Angela Thirkell was a prolific writer, her famous Barsetshire novels number nearly thirty. It would seem that Virago – for reasons best known to themselves I am sure – are publishing these Angela Thirkell novels out of order, and I have certainly not been reading them in order. There are characters in this novel who I am reliably informed appear in earlier novels in a younger and unmarried state – so if you are reading these novels in strict order there may be unwitting spoilers ahead.

Wartime or not Thirkell’s world is still very recognisably her own. Her class conscious snobbery is present – but is less objectionable. Her working class characters less infantilised than in previous novels, though their overflowing love and deference toward their ‘social superiors’ is hilariously unrealistic. I suppose what I would quite like to see – but never will – is a rabble rousing left wing character to come lurching down the village street loudly proclaiming the end of the class system – posting notices of union meetings on the lampposts.  

Wartime has brought change to Barsetshire and Beliers Priory is now a convalescent hospital for wounded soldiers. The Priory’s owners: Sir Henry and Lady Waring have moved themselves into the old servants’ quarters – which they are finding surprisingly comfortable and practical.

“Lady Waring sometimes wondered if she ought to be so comfortable, but as Sir Harry worked in town four days a week on matters connected with regimental charities, spent two days hard work on county jobs and was rarely free on Sundays, besides doing a good deal of the gardening, she hoped her comfort would be forgiven, wherever these things are judged, because it made a restful home for her husband.”

The hospital is run competently by Matron – who having lost her cat in an unfortunate shooting incident is given charge of a new kitten Winston – she is very much a cat person and enjoys extolling Winston’s virtues every chance she gets. There are some wonderfully entertaining characters in this novel, from the absurdly emotional Selina Crocket and her mother Nannie Allen to the gamekeeper Jasper who believes his grandmother returns from time to time in the form of a black hare and is determined to shoot her. Laura Morland and Dr Ford pop up when Laura gives a talk for the men at the hospital. Her son, Tony Morland now older and less annoying and in uniform also shows his face, and we see that poor Dr Ford has never really got over his dislike of the young man. Laura finds herself among a large gathering of fans as she comes to deliver her talk – and Matron explains carefully how she got one of the nurses’ uniforms wrong in a previous novel.

“Mrs Morland, in spite of her large and constant public, was always surprised, interested and pleased to hear than anyone had really read her books, though sometimes a little depressed by the way in which her friends lent their copy, to one another, and she took very seriously any technical criticism that came her way.”

The Waring’s niece Leslie arrives for a visit – she has not been well – and very much needs time to recover herself. Having worked in a hush-hush job with the navy she was torpedoed on the way home from America and her nerves are frayed from the experience and overwork. So, when the Warings are asked to house an intelligence officer and his wife, they agree with some reluctance. Their guests turn out to be Lydia and Noel Merton – and with them they bring a breath of fresh air – Lady Waring is soon enjoying Lydia’s company, and Leslie makes a great friend of her. Walking from the station to the Priory upon her arrival, Lydia was delighted to have bumped into another old friend – who is billeted nearby – and soon it seems as if the attentions of almost everyone locally are centred on Beliers Priory in one way or another.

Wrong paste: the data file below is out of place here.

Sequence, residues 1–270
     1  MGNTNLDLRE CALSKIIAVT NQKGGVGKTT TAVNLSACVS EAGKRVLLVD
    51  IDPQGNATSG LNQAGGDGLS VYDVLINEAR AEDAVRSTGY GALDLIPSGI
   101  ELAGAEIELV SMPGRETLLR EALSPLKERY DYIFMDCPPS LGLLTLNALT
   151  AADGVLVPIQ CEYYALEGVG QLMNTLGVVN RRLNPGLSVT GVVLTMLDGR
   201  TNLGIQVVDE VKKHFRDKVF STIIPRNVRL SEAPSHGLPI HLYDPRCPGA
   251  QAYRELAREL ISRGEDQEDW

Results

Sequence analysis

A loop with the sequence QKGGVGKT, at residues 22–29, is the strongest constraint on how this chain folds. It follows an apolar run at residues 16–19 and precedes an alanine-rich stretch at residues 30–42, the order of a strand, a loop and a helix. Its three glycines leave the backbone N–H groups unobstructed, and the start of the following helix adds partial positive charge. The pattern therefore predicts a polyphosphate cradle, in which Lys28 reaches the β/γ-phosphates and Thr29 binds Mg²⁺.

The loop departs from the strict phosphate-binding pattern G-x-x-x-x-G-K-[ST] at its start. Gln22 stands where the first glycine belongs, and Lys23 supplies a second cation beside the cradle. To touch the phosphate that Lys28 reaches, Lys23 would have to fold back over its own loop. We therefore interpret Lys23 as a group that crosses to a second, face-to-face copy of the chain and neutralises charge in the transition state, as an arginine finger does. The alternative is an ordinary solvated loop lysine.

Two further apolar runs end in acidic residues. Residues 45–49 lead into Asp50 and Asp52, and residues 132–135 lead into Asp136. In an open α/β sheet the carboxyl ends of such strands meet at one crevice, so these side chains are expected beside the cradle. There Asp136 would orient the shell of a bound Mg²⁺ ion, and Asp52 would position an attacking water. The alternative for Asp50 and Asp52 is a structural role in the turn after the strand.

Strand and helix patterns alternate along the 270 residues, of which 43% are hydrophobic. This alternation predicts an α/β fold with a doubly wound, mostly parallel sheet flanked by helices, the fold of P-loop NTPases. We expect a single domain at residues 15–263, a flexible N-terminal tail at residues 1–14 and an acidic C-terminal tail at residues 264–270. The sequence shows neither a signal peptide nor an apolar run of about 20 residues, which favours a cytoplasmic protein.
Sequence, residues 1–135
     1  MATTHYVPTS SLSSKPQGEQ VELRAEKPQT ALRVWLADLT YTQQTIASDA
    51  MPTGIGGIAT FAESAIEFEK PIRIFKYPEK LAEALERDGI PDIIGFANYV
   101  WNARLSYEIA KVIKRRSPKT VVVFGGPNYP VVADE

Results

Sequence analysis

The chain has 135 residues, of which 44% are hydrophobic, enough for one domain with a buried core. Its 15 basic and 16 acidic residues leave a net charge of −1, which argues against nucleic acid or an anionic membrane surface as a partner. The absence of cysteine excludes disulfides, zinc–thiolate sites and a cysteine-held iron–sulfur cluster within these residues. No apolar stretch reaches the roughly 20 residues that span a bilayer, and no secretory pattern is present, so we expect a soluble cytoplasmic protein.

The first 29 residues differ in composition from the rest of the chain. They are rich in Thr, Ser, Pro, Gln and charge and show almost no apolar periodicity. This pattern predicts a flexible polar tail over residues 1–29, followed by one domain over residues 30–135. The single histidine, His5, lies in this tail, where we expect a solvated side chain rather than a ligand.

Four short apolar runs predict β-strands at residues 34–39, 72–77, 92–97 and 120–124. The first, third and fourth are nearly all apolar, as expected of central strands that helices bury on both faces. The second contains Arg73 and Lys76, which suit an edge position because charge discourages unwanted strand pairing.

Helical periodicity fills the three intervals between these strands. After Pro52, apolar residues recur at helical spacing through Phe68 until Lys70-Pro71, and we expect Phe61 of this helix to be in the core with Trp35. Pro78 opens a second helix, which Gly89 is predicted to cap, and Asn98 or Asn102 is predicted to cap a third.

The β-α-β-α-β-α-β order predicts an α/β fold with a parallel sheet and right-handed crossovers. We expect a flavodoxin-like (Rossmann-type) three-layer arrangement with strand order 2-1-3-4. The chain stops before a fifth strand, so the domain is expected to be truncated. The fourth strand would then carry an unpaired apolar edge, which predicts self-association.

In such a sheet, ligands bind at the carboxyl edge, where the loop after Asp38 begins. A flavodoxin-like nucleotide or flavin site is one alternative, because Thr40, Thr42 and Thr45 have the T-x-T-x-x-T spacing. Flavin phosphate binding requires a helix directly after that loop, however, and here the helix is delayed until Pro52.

This is a novel written at a time when the outcome of the war was still uncertain – there was still a lot of anxiety about for people with loved ones abroad. Both Leslie and Lydia have brothers serving abroad that they are desperate for news of – and we are reminded of the impact of war with the knowledge that Sir Henry and Lady Waring’s only son was killed in the First World War. Dunkirk is talked about with some reverence – and in the hospital now housed in Beliers Priory there are plenty of reminders of what war can mean. Wartime also brings new opportunities for women – both Lydia and Leslie have benefitted from the chance to do things they never would have done in peacetime. Neither of them really want to be idle – they wish to be useful and busy – and they both have a lot to offer.

Against the backdrop of war and all the uncertainty it brings Thirkell tells a story of a community coming together – a little romance and perhaps just a bit of hope for the future – all being well.

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The Last of Summer was Kate O’Brien’s sixth novel, written during the Second World War it concerns those last few weeks of the summer that lead to the break out of hostilities between Great Britain and Germany. It is clearly a novel written by an author in full control of their craft, setting and characterisation are quite perfect, tense, and claustrophobic atmospheres spine tingling in their realness. There is not a huge amount of plot in this novel – and there doesn’t need to be – there is so much to enjoy for its own sake. To read this novel is like taking a slow, meandering walk on a late summer evening through the twisting lanes of a new and unexplored place.